There is a joke here – besides the fact that a book on tax went quick-smart into three editions! –  in that the books were, in fact, written by J.A.L. (John Angus Alexander) Gunn. The so-called authors, E Kellie and B. Hall, allude to bushrangers Ned Kelly and Ben Hall, hence the reviewer’s reference to the next book being by Captain Starlight! I’m not sure that all the contemporary reviewers got this. (By the way, Gunn was a highly respected accounting practitioner and was elected into the Australian Accounting Hall of Fame.)

During all this research I found a wide variety of books published by Currawong, in addition to pulp fiction – a book on Indonesia and one by A.O. Neville on Australia’s coloured minority; a book on Australian art, and one containing plays; an autobiography by tennis player Dinny Pails, and much more. They were clearly an active publisher in their time.

As for A E Minnis, I could find little about him – though I did discover that it’s a him. The only review I found starts with “Mr Minnis writes interestingly concerning the odyssey of his young hero, Dick Radford” but it then goes on to just describe the story. I wonder if Mr Minnis ever got his next two books!

Shakespeare’s Sonnets, app-style

May 20, 2017

Back in 2011 I wrote a post, a few in fact, on Touchpress‘s wonderful iPad app for TS Eliot‘s poem The wasteland. I love that app. It’s an excellent example of how interactive digital media can enhance learning about or enjoyment of literature, for a start, though Touchpress has applied its approach to a wide range of scientific and historical topics, including the solar system and Leonardo da Vinci’s Anatomy.

As you’ve probably worked out by now, Touchpress has also done one on Shakespeare’s sonnets, the whole 154 of them. It was released back in 2012 but I only bought it a year or so ago, when I decided it was time I became more familiar with this part of his oeuvre. So far I’ve only dipped into it, but have decided it’s worth posting on it now, rather than wait until I’ve finished it.

SHAKESPEARE SONNETS APP MENUSo this is an introduction rather than a proper review. The app follows a similar format to that used for Eliot, with some variations due to the work itself, and its age and particular history. It comprises the following menu items:

  • All 154 Sonnets in text form
  • Performances, by different people, such as Jemma Redgrave, David Tennant, and Stephen Fry, of each sonnet (filmed performances with the text synced to it)
  • Facsimile reproduction of the first published edition of the sonnets in 1969
  • Perspectives, that is, commentary on the sonnets, including their form, history and Shakespeare’s use of them, by various academics/Shakespearean scholars, such as Katherine Duncan-Jones, James Shapiro, Don Paterson – filmed talks, with transcript of the text.
  • Notes, that is, Arden’s detailed notes on each sonnet, including notes on individual lines.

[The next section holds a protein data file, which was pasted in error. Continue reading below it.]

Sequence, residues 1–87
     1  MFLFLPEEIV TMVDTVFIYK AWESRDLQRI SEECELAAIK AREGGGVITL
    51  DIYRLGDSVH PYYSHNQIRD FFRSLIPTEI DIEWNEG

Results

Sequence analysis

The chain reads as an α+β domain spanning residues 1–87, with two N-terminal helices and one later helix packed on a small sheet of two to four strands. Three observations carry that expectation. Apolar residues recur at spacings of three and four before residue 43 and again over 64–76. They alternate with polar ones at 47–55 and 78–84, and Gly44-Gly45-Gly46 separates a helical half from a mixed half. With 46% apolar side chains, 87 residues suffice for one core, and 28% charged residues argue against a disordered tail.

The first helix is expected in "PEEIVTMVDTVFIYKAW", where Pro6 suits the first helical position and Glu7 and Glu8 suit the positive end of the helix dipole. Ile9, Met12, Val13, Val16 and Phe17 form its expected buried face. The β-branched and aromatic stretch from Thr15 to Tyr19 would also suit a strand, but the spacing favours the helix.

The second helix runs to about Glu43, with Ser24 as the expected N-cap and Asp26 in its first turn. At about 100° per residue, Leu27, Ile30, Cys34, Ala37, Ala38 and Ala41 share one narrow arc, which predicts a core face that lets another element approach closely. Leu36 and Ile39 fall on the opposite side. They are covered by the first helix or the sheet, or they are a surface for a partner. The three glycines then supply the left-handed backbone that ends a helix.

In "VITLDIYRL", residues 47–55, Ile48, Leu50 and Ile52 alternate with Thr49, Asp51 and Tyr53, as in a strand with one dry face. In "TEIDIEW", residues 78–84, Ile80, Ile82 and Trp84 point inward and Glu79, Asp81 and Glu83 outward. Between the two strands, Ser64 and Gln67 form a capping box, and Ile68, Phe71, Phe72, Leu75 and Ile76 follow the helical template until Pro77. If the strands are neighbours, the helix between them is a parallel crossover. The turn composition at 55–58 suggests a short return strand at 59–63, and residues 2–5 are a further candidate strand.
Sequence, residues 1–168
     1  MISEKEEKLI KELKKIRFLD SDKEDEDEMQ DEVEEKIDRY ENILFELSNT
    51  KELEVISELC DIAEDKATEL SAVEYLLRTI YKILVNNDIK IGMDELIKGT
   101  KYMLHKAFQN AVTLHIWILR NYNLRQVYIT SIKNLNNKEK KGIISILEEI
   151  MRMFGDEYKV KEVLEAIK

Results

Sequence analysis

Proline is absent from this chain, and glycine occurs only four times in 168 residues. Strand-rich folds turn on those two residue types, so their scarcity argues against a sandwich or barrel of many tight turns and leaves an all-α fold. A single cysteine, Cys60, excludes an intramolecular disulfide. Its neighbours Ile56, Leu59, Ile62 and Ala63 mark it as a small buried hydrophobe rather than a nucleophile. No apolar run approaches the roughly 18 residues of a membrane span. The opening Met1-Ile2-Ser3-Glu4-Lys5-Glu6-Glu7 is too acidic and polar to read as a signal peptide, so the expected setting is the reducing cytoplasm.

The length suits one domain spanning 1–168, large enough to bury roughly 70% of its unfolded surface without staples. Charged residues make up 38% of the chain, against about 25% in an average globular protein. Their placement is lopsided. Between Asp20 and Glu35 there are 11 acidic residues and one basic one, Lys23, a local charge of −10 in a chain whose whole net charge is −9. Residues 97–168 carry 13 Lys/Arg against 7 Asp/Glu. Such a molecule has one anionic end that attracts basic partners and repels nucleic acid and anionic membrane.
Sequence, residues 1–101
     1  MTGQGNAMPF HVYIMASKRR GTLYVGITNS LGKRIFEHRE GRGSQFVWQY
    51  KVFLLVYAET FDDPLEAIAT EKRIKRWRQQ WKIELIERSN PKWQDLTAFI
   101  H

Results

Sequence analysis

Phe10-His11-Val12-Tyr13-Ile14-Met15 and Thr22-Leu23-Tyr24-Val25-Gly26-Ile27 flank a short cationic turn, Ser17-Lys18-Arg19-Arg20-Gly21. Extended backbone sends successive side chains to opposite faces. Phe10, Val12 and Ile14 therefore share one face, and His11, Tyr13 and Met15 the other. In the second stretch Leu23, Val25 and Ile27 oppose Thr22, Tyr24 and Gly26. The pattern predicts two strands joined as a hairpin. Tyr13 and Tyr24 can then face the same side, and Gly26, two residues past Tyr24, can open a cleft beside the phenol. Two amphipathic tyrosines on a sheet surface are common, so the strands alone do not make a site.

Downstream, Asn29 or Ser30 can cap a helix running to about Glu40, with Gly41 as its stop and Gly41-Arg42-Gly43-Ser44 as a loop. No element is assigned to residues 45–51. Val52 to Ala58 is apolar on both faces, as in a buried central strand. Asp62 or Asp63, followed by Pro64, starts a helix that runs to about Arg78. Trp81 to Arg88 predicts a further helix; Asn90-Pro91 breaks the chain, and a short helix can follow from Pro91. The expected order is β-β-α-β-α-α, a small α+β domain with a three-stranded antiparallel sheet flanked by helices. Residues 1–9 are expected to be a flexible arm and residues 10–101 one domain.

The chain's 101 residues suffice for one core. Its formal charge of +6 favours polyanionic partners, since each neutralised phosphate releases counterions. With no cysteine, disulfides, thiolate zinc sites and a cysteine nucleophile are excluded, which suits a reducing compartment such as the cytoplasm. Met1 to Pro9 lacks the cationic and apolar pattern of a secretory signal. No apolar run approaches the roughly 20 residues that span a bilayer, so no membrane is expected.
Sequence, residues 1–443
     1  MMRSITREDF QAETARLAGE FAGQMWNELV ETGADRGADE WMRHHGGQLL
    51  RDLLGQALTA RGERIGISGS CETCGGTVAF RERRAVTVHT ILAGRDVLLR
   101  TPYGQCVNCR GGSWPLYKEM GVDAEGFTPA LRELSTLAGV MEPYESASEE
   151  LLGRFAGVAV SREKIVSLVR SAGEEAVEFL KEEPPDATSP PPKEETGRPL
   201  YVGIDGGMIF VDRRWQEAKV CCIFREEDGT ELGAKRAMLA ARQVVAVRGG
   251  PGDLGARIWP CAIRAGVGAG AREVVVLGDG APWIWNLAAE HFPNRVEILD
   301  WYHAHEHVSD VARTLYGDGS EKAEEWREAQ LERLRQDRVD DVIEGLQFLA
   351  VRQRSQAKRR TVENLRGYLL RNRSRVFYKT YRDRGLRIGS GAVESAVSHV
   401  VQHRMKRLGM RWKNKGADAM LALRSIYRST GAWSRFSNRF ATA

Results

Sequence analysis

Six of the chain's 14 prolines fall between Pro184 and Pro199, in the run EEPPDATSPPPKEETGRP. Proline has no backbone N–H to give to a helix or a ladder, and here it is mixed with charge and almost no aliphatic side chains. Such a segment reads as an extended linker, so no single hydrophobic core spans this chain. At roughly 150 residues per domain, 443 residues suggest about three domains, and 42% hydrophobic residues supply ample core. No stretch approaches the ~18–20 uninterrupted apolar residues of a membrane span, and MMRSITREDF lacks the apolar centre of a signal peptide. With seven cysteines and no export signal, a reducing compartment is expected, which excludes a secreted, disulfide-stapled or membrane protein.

• Arden’s scholarly Introduction
  • Favourites, which as you’d assume allows users to save and share – yes – their favourites.

There is a Home icon so you can quickly return to the menu screen to navigate around the app. And there are also well thought through navigations. For example, on the screen containing the straight text of the sonnet are icons linking directly to the Notes, the filmed reading of the sonnet, and the Facsimile version. If you then  choose Notes, you get three tabs – Arden Notes (explanation of allusions and idioms, definitions of obsolete words, and the like), Commentary (critique) and My Notes (make your own notes).

As with all Shakespeare – given the unfamiliar-to-us language of his time – the sonnets come to life when read by people who know what they are doing.  You can read them in order, or navigate easily to particular sonnets. You can also read/hear them by performer, as when you touch a performer’s image up pops a windows listing the sonnets they perform.

Anna Baddeley, reviewing the app for The Guardian says

The Sonnets app, like its older sister The Waste Land, has the power to awaken passions (in my case, Shakespeare and poetry) you never knew you had. Reading outside and trying vainly to shield my iPad from the glare, I prayed the sun would go in so I could see what Don Paterson had to say about Sonnet 129.

Paterson’s commentary is the best thing about this app. It’s like sitting in the pub with a witty, more literary friend, who uses language such as “mind bouillabaisse” and “post-coital freak-out”. Most fascinating is his emphasis on the weirdness and borderline misogyny of the sonnets, a view echoed by the other academics interviewed for the app.

I don’t know Don Paterson, whom Wikipedia tells me is a Scottish poet, writer and musician, but Baddeley is right – in the sense that his commentaries are fresh, engaging, personal, funny and yet also meaningful. I wouldn’t go so far as to say they’re the best thing about the app, because it’s the whole that is important, but they certainly give it life.

This is not something to read in a hurry, and it is a BIG app, but how wonderful it is to have these sonnets so readily available on my iPad wherever I go.

Have you used this app, or would it interest you?

William Shakespeare
Shakespeare’s sonnets
iPad app
The Arden Shakespeare, Touch Press and Faber and Faber, 2012

Monday musings on Australian literature: Sisters in Australian fiction

May 15, 2017